-If you’re getting any serious donation volume, you want to have a least one branded flow (it looks more professional and is a warmer experience) that allows you to own the relationship with the donor—and their contact information.
3. You need to manage expectations about “overhead.”
When you position Google Checkout on your site, it’s great to highlight that the option saves you money and encourage its use. But don’t go so far in pushing it that you start setting up donor expectations that there are no administrative fees involved in running your charity. There is no “free” in the nonprofit world. We all face this problem - we need money to keep the lights on, to fundraise, to pay staff, etc., but donors often want all of their money to go direct to beneficiaries. I think we should be efficient with overhead - and show our efficiency - but not create a false impression that we have no overhead. It could come back to bite us later.
4. Play around with YouTube if you have already covered the online basics.
I’m often asked by nonprofits if they should start a blog or play around with YouTube. My answer is usually yes, if you have already covered the basics. First things first - do you have a great page on your site that makes a compelling case for giving (you’ll need that for links on YouTube and elsehwere)? Are you collecting donations? Are you emailing donors with thanks and updates? Do you do outreach to existing bloggers and videographers? If you’re doing that, you’re ready for more ambitious things like video. And you’re ready for this wonderful primer from a bunch of bloggers on how to use video, courtesy of Getting Attention. Read ALL of this advice and then go play!
Tue, October 02 2007
Filed under: Marketing essentials •
At Network for Good, we were recently trying to figure out what to call a new section of our site that will help nonprofits navigate the world of social networks. We bandied about terms like “social networking,” “social media,” Web 2.0.” We were stuck because we think most people don’t say any of this. They say things like “Facebook and YouTube” or “what people younger (than I) are doing online.” And they say it with awe and confusion. I understand the awe and confusion. We nonprofits think in terms of the people using social networks, and we think of them as people other than us. They acquire a certain scary mystique that stumps our marketing minds.
Cone has some slightly old but still valid research about these younguns - aka “millenials” - that is worth sharing. Millenials include “teens” (13-17), “college” (18-22) and “young adults” (22-25) in Cone’s online survey. Cone’s main finding was this is a very socially conscious group of people - far more focused on causes at a young age than my aimless Generation X, and they reflect those values when buying things. As a firm involved in cause-related marketing, Cone has an interest in doing this type of study and showing this kind of result, but that shouldn’t detract from these findings, which seem very solid to me. Thanks Cone for sharing them. You can read more here.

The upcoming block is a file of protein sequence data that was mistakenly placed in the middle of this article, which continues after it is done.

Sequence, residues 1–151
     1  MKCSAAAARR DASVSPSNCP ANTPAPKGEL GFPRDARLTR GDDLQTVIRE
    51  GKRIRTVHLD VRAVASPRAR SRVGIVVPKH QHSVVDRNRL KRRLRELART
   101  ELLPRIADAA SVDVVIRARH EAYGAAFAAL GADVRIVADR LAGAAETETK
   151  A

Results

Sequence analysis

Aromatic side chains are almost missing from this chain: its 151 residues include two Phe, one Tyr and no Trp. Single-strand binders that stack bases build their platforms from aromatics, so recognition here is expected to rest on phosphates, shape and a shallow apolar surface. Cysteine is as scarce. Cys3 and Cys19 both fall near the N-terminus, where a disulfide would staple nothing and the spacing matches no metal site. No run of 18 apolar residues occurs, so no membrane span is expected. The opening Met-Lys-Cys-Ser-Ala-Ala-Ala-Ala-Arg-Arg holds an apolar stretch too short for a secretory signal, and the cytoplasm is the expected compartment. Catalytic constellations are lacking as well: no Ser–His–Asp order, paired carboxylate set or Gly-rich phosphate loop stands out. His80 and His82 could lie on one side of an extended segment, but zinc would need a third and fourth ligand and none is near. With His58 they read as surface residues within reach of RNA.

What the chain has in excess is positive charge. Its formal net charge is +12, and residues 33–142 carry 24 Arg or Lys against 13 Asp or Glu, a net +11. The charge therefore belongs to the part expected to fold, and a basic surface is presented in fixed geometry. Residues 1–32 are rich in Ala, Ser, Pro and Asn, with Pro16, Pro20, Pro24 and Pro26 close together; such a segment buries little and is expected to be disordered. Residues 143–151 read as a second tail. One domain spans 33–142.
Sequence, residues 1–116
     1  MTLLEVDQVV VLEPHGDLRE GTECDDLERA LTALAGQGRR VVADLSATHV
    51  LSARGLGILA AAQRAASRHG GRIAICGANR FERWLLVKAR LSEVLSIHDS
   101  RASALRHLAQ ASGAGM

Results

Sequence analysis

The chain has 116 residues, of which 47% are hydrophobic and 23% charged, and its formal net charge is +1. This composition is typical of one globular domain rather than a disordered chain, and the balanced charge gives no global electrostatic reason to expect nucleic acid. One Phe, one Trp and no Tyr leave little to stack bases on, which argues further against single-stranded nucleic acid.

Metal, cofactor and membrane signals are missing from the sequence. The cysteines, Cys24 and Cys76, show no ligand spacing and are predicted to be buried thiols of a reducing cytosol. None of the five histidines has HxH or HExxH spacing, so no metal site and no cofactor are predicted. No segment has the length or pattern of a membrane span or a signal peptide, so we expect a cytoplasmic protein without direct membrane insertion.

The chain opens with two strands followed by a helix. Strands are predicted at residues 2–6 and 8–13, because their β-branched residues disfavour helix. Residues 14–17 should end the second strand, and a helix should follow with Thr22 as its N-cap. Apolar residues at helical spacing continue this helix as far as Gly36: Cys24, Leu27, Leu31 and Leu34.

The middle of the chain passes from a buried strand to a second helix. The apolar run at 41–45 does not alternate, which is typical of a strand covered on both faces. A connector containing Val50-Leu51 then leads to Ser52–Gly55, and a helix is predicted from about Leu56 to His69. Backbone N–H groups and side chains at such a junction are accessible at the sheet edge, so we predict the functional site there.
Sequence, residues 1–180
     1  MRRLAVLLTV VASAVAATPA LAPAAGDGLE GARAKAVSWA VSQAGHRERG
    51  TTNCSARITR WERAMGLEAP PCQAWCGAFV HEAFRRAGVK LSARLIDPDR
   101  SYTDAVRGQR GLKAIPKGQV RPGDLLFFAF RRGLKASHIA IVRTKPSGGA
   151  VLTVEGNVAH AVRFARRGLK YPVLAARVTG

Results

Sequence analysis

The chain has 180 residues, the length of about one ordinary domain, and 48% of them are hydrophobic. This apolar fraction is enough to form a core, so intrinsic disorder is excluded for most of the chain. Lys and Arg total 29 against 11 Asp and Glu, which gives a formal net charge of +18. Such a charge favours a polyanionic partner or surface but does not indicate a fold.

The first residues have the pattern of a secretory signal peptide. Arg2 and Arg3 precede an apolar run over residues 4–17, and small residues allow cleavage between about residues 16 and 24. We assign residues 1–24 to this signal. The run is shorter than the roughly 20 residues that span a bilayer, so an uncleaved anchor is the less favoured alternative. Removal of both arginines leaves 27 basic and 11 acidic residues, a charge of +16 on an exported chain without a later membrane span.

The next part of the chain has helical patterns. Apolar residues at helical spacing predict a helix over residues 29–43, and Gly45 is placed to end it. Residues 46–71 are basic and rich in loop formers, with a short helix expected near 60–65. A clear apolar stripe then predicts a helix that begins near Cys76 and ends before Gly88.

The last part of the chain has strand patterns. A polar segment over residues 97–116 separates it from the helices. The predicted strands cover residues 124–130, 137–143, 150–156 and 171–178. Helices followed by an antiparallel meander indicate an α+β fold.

1. Millenials are skeptical of marketers. They will not respond to products or services that don’t seem genuine.
2. A way to gain their trust as a corporate marketer is to align with good causes, but few companies do so. 61% of millenials are worried about the world and want to make a difference, and 81% volunteered in the past year. 70% of millenials believe companies don’t do enough to support good causes.
3. To reach these consumers, traditional marketing needs to evolve. Companies need to create a new generation of fiercely loyal customers passionate about working with corporations to change the world. 83% say they will trust a company more if it is socially and environmentally responsible. 69% say they consider a company’s social and environmental commitment when deciding where to shop, and 89% would switch brands if price and quality were the same if the second brand was associated with a good cause.
So what does this mean to us?
Bring this research to your next appointment with a corporate partner. It can help make the case for why a company should support you.
If you do get a new corporate partner, don’t forget #1—these millenials are skeptical. Cause-related marketing needs to be genuine, and in your partnership, you need to be clear about EXACTLY HOW the corporate partner supports you and how much of a purchase benefits your cause. Cause-related marketing can be a boon or backfire depending on your degree of honesty and transparency.
Fri, September 28 2007
Filed under: Fundraising essentials •
Katya’s note: Blog reader Michael Stein wrote me recently to ask me my thoughts on his online fundraising campaign for Ploughshares Fund: PeacePrimary.org. I liked it, and so I asked him to tell us what he learned in running the campaign that would help us. Happily, he obliged. Here is a very helpful guest post from Michael.